Monday, June 4, 2012

Review: A Song for Summer

A Song for Summer, by Eva Ibbotson. The GoodReads summary:
Ellen never expected the Hallendorf school to be quite so unusual. Her life back in England with her suffragette mother and liberated aunts certainly couldn't be called normal, but buried deep in the beautiful Austrian countryside, Ellen discovers an eccentric world occupied by wild children and even wilder teachers, experimental dancers and a tortoise on wheels. And then there is the particularly intriguing, enigmatic, and very handsome Marek, part-time gardener and fencing teacher. Ellen is instantly attracted to the mysterious gardener, but Hitler's Reich is already threatening their peaceful world, and only when she discovers Marek's true identity and his dangerous mission does Ellen realize the depth of her feelings for him - and the danger their newfound love faces in the shadow of war.
Oh, Eva Ibbotson. How do you craft such perfect stories? Seriously. I don’t know how she manages it every single time. Like its title implies, A Song for Summer is a warm and comfortable story. It isn’t about intense character development or gritty realism—it’s about the joy of the simple things in life and the beauty of quiet kindness. Ibbotson’s stories always feel like fairy tales to me, even though they take place in the real world—I think it’s the way even the small things feel magical in her deft storytelling.

I think A Song for Summer is one of my favorite Ibbotson books so far. I just love Ellen so much. She’s unobtrusive and not showy at all, but she holds everyone together. She’s that kind of person that people can’t help loving because she truly cares about others and helps them in quiet but necessary ways. Ellen has a subtle strength and dedication that carries her through all kinds of hardships, and I really admire pretty much everything about her.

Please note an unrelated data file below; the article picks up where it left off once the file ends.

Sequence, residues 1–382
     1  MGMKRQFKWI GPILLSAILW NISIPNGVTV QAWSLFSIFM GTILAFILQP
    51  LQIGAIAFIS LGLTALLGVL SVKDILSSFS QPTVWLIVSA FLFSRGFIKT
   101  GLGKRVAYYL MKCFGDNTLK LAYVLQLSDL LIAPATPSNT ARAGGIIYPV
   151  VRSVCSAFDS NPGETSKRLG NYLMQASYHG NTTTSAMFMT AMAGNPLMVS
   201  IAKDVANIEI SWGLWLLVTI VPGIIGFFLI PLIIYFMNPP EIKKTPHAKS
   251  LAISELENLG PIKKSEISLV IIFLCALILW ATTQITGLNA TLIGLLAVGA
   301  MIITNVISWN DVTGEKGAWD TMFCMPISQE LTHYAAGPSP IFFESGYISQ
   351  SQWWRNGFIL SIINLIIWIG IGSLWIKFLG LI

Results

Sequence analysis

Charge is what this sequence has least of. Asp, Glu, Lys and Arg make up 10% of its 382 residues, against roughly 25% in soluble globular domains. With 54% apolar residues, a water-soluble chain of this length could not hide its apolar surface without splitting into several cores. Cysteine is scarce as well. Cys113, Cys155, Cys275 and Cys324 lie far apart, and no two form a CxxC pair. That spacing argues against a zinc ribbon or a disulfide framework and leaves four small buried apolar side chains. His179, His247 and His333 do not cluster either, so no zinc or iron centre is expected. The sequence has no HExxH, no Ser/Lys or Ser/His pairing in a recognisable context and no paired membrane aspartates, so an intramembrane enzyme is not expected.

I really like Merek too. From the moment I learned that he built a wheeled platform to take the place of a crippled tortoise’s hind legs, I knew he was going to get on my good side. And I really appreciated that as wonderful as Merek is, he isn’t perfect. He lets his pride and his anger get the best of him sometimes, but he always manages to pull himself back together nonetheless.

And of course, as in all Ibbotson books, the secondary characters were fantastic. All the kids and the staff at the crazy boarding school, the villagers, the musicians—they practically jumped off the page. And the setting is beautiful. Reading this book, I was reminded how skilled Ibbotson is at making you feel like you’re in the same gorgeous Austrian countryside as her characters. I so want to live in an Ibbotson book—they’re just so . . . idyllic.

Overall, of course I recommend this book. If it’s an Ibbotson book, it’s impossible to go wrong. I do feel like Ibbotson lost her grip on the story a little in the last fourth, because she’s trying to cover so much time in a short number of pages. But considering the awesomeness of the rest of the book, I can overlook it.

Rating: 4.5 / 5


  1. I really need to get started reading one of Ibbotson's books. I feel like they're going to stick with me the way Melina Marchetta's do. Thankfully this one sounds like a light one despite the Nazi bit.

  2. You are really selling me on Eva Ibbotson. I finally managed to get a copy of The Countess Below Stairs (it was more difficult than it sounds because the title was changed to The Secret Countess over here - I was wondering why Amazon kept directing me to a book with a different name!) and shall be reading it soon. Hope I become a fan!

  3. That sounds just like the book for me right now. If only I weren't like 10 books behind in my reading list. I have even been doing well and reading about 2 books a week... There are just so many out there.

    I'm excited to give this one a go.


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